By ALANNAH MACGREGOR
As we approach the last month of 2022 I found myself confronted with the fact that I haven’t written a blog since January of this year. Occasionally in the past as a collection technician I’ve struggled with what to write in these blogs. How could I describe to you exactly how amazing it is to hold an artifact in your hand and have the privilege of documenting everything about it, who owned it, who made it, every scratch, crack and dent that makes it unique? Today I find myself writing this blog and I have a feeling the trouble will be keeping it from turning it into a novel.
Spoilers first, while I am an old face at the Museum of Lennox and Addington early this October I started work in a new role, I am now the museum’s Programs and Exhibition’s Co-ordinator, and to be honest I could not be any more thrilled about it!
A glimpse into the past, a photo from my first weeks of work as a summer intern 2019
A short trip down memory lane. I grew up in Lennox and Addington County and yet went 23 years naïve to the fact that I had such an interesting museum in my backyard. Come winter of 2019 and I’m searching the internet for a summer internship, I applied thinking it would be a small maybe one or two room museum, despite this I spent whole days preparing for my interview. I still remember the first moment I walked in the foyer the day of my interview, my first thought was “Whoa” my second thought was “I want to work here!” If you’ve been to the museum, maybe you remember the first time you walked through the front doors into that big open space with huge dark wood beams running along the ceiling, and grand glass cases which for me at the time contained incredible model ships. I didn’t know how lucky I was when some time later I was accepting an internship with the museum. I had no idea the happiness, frustration, and pride this museum would bring me over the next three and a half years.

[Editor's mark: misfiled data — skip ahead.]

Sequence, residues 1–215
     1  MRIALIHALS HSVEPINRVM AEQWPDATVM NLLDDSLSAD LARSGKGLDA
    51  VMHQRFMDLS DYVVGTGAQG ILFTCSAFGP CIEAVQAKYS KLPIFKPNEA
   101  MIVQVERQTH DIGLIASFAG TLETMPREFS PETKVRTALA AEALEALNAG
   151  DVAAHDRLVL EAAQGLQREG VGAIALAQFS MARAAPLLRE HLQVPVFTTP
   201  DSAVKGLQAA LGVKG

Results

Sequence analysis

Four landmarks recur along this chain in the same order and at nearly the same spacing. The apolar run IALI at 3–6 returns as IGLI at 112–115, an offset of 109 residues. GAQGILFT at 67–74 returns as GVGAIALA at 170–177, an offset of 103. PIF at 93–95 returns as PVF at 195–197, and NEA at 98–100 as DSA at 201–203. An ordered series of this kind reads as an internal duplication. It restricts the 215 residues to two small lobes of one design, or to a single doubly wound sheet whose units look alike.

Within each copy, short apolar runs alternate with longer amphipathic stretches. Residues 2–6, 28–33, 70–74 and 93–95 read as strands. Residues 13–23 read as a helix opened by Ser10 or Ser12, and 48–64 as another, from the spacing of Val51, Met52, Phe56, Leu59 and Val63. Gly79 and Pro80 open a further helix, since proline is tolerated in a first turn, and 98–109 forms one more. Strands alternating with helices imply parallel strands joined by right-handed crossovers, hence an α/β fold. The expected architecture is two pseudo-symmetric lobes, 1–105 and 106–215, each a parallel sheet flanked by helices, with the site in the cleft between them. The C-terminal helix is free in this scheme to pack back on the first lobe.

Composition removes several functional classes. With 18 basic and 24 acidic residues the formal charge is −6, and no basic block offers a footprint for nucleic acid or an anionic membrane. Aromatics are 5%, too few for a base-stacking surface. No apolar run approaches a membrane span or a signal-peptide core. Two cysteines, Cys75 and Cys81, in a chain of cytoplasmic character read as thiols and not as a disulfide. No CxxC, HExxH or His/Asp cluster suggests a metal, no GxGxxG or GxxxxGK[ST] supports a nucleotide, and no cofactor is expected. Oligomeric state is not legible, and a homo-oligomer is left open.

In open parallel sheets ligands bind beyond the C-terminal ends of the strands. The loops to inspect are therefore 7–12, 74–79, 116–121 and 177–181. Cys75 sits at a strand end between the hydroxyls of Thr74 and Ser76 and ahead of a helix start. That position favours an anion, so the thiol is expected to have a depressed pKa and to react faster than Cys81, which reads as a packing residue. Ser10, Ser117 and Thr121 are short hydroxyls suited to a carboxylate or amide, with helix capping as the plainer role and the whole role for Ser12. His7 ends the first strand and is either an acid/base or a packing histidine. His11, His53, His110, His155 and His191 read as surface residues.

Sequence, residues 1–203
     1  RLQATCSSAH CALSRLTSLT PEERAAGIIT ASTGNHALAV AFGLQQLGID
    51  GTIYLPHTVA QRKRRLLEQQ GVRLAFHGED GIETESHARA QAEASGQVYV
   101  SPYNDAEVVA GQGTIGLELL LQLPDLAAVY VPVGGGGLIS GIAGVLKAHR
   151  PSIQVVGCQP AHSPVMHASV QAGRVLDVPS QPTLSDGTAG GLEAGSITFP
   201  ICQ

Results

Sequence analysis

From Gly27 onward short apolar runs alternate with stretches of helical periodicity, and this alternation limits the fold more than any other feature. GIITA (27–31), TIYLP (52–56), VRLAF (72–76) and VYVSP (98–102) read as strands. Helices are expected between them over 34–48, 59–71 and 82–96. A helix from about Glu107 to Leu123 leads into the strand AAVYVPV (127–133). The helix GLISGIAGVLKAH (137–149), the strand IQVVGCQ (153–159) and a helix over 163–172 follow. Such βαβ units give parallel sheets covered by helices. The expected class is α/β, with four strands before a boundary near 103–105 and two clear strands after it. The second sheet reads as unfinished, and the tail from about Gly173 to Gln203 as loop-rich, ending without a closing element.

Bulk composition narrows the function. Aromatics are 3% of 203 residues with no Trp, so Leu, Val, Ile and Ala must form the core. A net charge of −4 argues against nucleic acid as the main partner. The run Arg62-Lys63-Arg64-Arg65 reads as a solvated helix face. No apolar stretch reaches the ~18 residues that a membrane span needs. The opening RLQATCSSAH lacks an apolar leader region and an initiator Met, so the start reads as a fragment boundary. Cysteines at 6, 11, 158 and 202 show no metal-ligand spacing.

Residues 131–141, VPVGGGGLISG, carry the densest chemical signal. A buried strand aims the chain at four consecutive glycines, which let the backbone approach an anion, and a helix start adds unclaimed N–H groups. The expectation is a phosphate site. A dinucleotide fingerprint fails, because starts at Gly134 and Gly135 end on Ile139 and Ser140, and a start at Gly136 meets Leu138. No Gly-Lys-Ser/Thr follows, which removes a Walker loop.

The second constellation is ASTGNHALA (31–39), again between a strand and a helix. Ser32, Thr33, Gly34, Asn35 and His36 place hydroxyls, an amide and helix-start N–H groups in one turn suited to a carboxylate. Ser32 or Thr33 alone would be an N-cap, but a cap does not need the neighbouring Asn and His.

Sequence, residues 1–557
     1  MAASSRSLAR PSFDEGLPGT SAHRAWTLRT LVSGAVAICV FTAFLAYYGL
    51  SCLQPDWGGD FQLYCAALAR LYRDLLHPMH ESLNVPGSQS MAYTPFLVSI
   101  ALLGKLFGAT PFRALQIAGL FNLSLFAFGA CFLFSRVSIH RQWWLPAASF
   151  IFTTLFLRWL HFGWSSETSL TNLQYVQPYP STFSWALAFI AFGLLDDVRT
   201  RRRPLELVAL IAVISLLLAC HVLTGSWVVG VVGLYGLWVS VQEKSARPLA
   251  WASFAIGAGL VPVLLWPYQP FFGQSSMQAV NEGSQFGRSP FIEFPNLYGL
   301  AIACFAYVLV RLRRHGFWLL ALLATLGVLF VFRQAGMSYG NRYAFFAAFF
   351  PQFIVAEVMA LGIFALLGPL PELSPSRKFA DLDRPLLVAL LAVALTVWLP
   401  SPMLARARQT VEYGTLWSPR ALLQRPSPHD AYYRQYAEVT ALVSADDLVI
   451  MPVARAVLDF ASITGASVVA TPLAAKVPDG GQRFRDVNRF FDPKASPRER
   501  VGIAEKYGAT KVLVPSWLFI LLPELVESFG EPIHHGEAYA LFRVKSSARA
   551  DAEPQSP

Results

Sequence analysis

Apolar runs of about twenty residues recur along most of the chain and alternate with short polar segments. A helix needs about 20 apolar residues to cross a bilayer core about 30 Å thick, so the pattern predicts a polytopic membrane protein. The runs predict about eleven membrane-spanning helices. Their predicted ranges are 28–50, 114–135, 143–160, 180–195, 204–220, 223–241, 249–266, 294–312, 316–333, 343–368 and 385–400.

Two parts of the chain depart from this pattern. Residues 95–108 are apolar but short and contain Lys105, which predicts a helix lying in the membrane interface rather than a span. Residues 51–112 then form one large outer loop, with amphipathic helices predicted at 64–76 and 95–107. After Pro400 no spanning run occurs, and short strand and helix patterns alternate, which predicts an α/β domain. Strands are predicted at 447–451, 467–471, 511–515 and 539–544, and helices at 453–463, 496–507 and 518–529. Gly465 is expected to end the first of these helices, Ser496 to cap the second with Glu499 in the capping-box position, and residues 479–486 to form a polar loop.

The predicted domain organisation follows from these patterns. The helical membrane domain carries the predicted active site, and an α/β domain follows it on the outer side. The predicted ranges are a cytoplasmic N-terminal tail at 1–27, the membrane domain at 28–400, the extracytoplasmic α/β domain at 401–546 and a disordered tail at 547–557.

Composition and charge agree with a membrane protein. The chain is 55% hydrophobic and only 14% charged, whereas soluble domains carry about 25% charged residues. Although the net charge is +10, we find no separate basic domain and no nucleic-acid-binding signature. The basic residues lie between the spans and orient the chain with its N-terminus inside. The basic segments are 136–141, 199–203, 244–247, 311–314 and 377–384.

Returning to the present, I still pause a moment every morning when I walk through this beautiful building, I get to see my hand in the exhibits as I go by, banners hung, a grain shovel researched, a diorama accessioned. In 3 years I can see the small impact many hours of hard work have had on the museum and I am filled with a joy I cannot describe.
The aforementioned banners
I am writing this blog just over a month and a half into my new role, and I’m still learning the ins and outs. Having solidified most of our winter programming for 2023 I sit here thrilled about what the museum will be bringing our wonderful visitors in the new year. Our coming activities largely focus on introducing people to a multitude of cultures through insightful presentations, art workshops, music, and dance. Our programs this winter will keep your toes tapping, your art hearts filled, and your minds thinking about new perspectives.
There is definitely a learning curve to any new job and while I’d like to say I’ve gotten some of it down pat, that’s always when you’re hit with something new. So far I’ve learned to cast a wide net when planning, that no day is going to go according to plan, and most importantly try to stay flexible. I’ve also been getting fantastic guidance and support from the team here at the Museum of Lennox and Addington! My favorite piece of advice so far was that I need to be bossier on occasion.